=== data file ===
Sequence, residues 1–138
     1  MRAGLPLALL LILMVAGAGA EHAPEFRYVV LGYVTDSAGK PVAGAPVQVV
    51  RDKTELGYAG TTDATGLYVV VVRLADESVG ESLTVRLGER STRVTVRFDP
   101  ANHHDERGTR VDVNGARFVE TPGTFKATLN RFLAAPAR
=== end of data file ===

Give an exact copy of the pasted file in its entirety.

Sequence, residues 1–138
     1  MRAGLPLALL LILMVAGAGA EHAPEFRYVV LGYVTDSAGK PVAGAPVQVV
    51  RDKTELGYAG TTDATGLYVV VVRLADESVG ESLTVRLGER STRVTVRFDP
   101  ANHHDERGTR VDVNGARFVE TPGTFKATLN RFLAAPAR